Learning quite a lesson, quietly

Published 12:00 am Tuesday, July 15, 2003

We all make mistakes. It just seems some of us make them more than others.

I tend to fall into the latter category. In the past few weeks, I've found several mistakes that I've let slip through the cracks while proofreading pages and stories. A few of the mistakes were made in stories I wrote.

Not factual mistakes, but instead, spelling mistakes or a misusage of a word.

For instance, in the July 5 edition, as so many people have pointed out by comments on the street, unsigned letters mailed in and anonymous telephone calls; there were "quite" a few mistakes involving the usage of the words "quiet and quite."

That was my error, and one for which I take all the credit.

I know the difference between quite and quiet, but that doesn't mean I always get it right when I'm writing a story. (Mrs. Mac, please forgive me!)

You see, for those of you who don't know me personally, I tend to have a very thick, pronounced, undeniable southern accent. In turn, I tend to write words like I pronounce them.

Hence, the wrong usage of "quite" when it should have been "quiet."

I have a natural tendency to put long vowel sounds on words where it's not always necessary. That means "quiet" sounds more like "quite."

Just ask me to say the word out loud and you'll understand.

In my travels across the country, people have picked up on this little quirk of mine. My speech is always a topic for conversation whenever I'm up north (or down south, or well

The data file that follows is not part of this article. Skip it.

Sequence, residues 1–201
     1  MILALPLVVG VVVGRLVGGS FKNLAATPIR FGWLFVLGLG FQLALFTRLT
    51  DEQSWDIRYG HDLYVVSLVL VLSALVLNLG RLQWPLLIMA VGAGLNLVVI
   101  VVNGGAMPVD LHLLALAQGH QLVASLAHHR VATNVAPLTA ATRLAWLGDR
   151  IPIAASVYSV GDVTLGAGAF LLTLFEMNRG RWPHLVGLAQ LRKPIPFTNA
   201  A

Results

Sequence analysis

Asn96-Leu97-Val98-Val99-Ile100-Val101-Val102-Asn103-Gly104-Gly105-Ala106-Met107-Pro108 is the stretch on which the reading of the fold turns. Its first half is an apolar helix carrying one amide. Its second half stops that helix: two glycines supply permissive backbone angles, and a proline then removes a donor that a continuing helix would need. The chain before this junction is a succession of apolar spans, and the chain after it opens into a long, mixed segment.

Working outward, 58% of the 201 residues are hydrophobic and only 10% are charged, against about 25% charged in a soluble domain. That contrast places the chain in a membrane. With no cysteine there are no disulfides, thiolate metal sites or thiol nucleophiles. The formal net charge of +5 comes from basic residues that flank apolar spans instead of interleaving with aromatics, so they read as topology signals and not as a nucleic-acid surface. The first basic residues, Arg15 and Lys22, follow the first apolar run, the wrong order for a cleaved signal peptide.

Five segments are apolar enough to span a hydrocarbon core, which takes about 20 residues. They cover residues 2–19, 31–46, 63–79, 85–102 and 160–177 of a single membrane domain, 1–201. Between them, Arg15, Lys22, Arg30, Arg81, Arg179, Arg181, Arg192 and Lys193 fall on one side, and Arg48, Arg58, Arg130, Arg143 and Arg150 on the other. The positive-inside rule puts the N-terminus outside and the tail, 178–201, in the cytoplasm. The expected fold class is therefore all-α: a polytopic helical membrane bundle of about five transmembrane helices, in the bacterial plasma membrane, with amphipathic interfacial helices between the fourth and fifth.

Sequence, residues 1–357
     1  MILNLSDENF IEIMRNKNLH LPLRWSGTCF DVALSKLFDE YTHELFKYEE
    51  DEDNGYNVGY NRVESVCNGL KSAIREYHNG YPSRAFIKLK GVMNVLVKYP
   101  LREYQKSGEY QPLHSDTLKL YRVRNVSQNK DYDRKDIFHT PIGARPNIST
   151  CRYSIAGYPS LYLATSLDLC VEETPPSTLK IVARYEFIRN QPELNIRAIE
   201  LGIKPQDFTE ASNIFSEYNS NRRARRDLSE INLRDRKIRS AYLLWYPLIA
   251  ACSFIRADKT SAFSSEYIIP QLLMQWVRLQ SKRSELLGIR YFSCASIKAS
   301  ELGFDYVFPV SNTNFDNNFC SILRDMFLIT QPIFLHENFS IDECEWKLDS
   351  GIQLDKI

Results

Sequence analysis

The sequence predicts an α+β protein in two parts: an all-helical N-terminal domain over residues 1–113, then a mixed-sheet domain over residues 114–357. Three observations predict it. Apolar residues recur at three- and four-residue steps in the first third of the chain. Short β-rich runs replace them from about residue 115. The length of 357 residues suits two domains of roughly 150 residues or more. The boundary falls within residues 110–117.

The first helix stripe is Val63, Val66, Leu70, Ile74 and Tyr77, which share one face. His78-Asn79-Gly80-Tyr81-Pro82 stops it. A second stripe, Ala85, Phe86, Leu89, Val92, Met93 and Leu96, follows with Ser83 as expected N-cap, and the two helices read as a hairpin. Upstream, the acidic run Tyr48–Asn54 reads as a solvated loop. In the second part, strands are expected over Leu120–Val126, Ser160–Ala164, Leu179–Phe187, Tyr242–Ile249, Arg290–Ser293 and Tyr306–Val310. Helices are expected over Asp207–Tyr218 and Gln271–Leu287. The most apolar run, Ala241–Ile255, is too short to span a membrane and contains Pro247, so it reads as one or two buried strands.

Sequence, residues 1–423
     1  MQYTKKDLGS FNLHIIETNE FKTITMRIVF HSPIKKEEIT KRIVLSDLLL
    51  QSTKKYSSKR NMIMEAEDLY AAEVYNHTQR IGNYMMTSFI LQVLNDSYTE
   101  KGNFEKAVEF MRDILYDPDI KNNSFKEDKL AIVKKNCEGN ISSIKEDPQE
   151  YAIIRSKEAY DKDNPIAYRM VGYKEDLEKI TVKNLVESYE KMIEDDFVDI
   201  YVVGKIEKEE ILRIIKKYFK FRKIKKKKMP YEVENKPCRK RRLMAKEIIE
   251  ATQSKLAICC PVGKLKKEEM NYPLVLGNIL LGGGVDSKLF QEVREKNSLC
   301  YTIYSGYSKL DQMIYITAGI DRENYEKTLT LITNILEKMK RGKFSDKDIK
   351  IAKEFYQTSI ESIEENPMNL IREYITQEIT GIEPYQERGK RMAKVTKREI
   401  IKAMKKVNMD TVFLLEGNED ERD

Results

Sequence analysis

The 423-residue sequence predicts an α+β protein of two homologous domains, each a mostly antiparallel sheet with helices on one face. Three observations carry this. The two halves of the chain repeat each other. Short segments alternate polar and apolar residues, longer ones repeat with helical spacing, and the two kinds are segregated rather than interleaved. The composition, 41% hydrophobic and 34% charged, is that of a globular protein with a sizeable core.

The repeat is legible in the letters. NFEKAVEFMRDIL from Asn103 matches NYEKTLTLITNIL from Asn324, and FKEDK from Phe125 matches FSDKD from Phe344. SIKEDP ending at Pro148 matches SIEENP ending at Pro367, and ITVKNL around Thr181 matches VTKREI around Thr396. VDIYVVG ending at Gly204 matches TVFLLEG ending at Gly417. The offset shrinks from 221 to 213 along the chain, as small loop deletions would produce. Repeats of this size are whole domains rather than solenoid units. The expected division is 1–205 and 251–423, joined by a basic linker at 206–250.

it's just a topic just about anywhere).

On a plane trip to Minnesota, a very nice lady overheard me chatting with a flight attendant about the trip being my first time on an airplane. Once she heard my voice, she instantly new I was from the south, and had to get me to talk out loud to all of her friends on the plane. For a moment, I could not have been more embarrassed. But, nevertheless, I conceded and for a moment felt like I was reciting the "rain in Spain falls mainly on the plain," from high school.

Newly aware of my lack of "sophisticated speech," I became self-conscious about the sound of my voice.

When I returned to college, my speech and debate teacher was the first one to notice my attempts to change my manner of speaking. She told me not to worry about it, but I didn't really listen. Instead, I continued trying to change my vocal patterns.

Later that same year, while delivering a speech for a class in front of several university officials, my PR professor, adviser and friend called me on the subject. Her exact words were "You're Jeffery. The way you talk is who you are. People won't believe you if you change the way you talk. You talk to people in a way that puts them at ease and you should not worry about changing it."

That was an eye-opener. It's a fact I've come to live with. I talk funny (well, extreme southern, or as some would say

I don't talk good).

It's not an excuse though for errors in the paper. That was just sloppiness on my part, but as I've told people, one of my personal goals for the paper is to make each edition better than the previous edition. Some days, we accomplish that. Some days we don't. Each day though, we put in a great amount of effort, we just don't always get it right the first time.